Posts Tagged Assistive

[ARTICLE] A systematic review on existing measures for the subjective assessment of rehabilitation and assistive robot devices – Full Text PDF

Yiannis Koumpouros

Technological Educational Institute of Athens, Department of Informatics, Ag. Spyridonos, Aigaleo – 12243, Athens, Greece



The objective of the current study is to identify and classify outcome measures currently used for the assessment of rehabilitation or assistive robot devices. Such measures are critical to be used during the development phase of any such product.

We conducted a systematic review of the literature using the PubMed, Medline, CIRRIE and Scopus databases for studies that assessed rehabilitation or assistive robot devices from 1980 through January 2016. In all, 31 articles met all inclusion criteria. Tailor-made questionnaires were the most commonly used tool at 66.7% (22/31), while the great majority 93.9% (29/31) of the studies used nonvalidated instruments.

The study reveals the absence of a standard scale which makes it difficult to compare the results from different researchers. Most of them either use only objective measures (e.g. clinical or technical measurements) or develop not valid questionnaires. There is a great need therefore, for a valid and reliable instrument to be available for use by the intended end users for the subjective assessment of robot devices.

The study concludes by identifying two scales that have been validated in general assistive technology devices and could support the scope of subjective assessment in rehabilitation or assistive robots (with limited however coverage), and a 2 new one called PYTHEIA, recently published. The latter intends to close the gap and help researchers and developers to evaluate, assess and produce products that satisfy the real needs of the end users.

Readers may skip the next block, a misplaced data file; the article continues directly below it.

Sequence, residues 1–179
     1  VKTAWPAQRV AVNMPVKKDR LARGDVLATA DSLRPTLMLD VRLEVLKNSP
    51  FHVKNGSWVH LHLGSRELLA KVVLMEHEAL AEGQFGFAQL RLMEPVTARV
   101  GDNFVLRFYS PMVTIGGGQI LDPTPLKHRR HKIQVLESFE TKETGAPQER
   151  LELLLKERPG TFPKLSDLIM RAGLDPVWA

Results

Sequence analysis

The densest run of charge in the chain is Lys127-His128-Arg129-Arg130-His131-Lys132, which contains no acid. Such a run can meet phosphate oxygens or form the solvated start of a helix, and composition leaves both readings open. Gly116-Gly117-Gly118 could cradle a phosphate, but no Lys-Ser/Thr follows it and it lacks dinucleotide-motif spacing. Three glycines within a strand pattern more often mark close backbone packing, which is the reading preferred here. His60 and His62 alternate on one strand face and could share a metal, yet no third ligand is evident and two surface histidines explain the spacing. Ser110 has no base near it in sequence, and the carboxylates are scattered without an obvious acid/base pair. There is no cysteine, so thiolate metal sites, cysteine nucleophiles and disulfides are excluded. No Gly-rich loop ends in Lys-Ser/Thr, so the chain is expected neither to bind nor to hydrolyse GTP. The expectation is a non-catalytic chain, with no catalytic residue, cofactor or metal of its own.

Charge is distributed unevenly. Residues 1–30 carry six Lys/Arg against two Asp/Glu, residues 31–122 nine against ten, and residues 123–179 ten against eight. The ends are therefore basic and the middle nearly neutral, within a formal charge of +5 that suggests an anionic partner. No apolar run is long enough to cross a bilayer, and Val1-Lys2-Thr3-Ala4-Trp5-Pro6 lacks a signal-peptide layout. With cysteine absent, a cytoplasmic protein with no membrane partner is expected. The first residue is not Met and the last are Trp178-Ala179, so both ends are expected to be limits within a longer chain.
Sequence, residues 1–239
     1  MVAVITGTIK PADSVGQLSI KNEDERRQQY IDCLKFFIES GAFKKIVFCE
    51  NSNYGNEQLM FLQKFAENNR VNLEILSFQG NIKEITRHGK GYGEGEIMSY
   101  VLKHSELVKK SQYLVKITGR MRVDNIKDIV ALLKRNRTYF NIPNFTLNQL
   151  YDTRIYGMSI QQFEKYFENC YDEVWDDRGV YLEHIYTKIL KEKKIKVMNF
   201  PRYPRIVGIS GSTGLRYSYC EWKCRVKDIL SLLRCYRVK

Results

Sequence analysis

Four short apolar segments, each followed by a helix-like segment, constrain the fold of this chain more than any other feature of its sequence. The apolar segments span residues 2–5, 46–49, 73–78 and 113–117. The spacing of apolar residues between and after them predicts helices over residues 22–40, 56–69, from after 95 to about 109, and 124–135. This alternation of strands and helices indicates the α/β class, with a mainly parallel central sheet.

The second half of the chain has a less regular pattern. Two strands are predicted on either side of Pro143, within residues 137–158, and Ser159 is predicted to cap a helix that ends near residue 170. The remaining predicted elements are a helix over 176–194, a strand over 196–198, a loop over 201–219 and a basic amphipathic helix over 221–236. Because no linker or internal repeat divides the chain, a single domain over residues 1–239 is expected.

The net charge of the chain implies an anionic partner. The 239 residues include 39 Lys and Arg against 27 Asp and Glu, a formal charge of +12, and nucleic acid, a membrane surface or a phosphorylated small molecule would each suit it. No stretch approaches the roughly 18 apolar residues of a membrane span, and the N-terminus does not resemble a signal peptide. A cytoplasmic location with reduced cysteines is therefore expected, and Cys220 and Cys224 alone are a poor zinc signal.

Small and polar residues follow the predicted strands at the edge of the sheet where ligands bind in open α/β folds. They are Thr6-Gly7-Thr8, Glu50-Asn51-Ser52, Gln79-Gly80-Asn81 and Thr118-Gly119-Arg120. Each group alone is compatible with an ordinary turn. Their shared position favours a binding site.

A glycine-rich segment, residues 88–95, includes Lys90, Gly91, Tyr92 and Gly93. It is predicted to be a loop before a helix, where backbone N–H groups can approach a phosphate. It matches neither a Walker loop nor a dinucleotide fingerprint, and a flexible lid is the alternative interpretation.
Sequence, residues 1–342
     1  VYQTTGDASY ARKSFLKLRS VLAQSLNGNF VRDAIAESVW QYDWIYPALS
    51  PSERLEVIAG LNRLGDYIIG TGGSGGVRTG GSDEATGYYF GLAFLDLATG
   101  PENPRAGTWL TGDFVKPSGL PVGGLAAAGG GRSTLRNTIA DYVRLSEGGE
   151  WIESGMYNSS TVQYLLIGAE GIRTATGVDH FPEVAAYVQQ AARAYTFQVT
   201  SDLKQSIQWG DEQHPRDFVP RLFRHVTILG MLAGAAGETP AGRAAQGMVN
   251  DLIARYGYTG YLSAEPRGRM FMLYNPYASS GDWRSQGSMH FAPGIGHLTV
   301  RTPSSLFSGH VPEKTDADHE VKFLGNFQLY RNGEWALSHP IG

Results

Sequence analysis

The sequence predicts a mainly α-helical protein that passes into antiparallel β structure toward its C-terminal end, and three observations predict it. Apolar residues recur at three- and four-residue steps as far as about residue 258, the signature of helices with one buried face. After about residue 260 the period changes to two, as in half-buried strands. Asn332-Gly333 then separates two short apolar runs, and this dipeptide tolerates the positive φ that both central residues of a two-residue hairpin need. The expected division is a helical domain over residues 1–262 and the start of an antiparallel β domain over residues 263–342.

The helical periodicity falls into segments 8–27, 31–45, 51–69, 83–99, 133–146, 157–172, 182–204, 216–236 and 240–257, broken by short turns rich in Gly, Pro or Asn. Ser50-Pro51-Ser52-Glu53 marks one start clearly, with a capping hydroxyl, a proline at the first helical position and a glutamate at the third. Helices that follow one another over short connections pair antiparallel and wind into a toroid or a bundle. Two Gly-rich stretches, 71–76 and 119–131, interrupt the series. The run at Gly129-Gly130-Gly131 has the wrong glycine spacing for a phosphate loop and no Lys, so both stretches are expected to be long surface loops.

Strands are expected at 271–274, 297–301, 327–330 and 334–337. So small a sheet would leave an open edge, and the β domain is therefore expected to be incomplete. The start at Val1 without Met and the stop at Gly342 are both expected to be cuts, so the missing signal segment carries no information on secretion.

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[Abstract] Characterisation and evaluation of soft elastomeric actuators for hand assistive and rehabilitation applications – Journal of Medical Engineering & Technology



Various hand exoskeletons have been proposed for the purposes of providing assistance in activities of daily living and rehabilitation exercises. However, traditional exoskeletons are made of rigid components that impede the natural movement of joints and cause discomfort to the user.
This paper evaluated a soft wearable exoskeleton using soft elastomeric actuators. The actuators could generate the desired actuation of the finger joints with a simple design. The actuators were characterised in terms of their radius of curvature and force output during actuation. Additionally, the device was evaluated on five healthy subjects in terms of its assisted finger joint range of motion.
Results demonstrated that the subjects were able to perform the grasping actions with the assistance of the device and the range of motion of individual finger joints varied from subject to subject. This work evaluated the performance of a soft wearable exoskeleton and highlighted the importance of customisability of the device. It demonstrated the possibility of replacing traditional rigid exoskeletons with soft exoskeletons that are more wearable and customisable.

Source: Characterisation and evaluation of soft elastomeric actuators for hand assistive and rehabilitation applications – Journal of Medical Engineering & Technology –

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[ARTICLE] Soft robotic glove for combined assistance and at-home rehabilitation


This paper presents a portable, assistive, soft robotic glove designed to augment hand rehabilitation for individuals with functional grasp pathologies. The robotic glove utilizes soft actuators consisting of molded elastomeric chambers with fiber reinforcements that induce specific bending, twisting and extending trajectories under fluid pressurization. These soft actuators were mechanically programmed to match and support the range of motion of individual fingers. They demonstrated the ability to generate significant force when pressurized and exhibited low impedance when un-actuated. To operate the soft robotic glove, a control hardware system was designed and included fluidic pressure sensors in line with the hydraulic actuators and a closed-loop controller to regulate the pressure. Demonstrations with the complete system were performed to evaluate the ability of the soft robotic glove to carry out gross and precise functional grasping. Compared to existing devices, the soft robotic glove has the potential to increase user freedom and independence through its portable waist belt pack and open palm design.

via Soft robotic glove for combined assistance and at-home rehabilitation.

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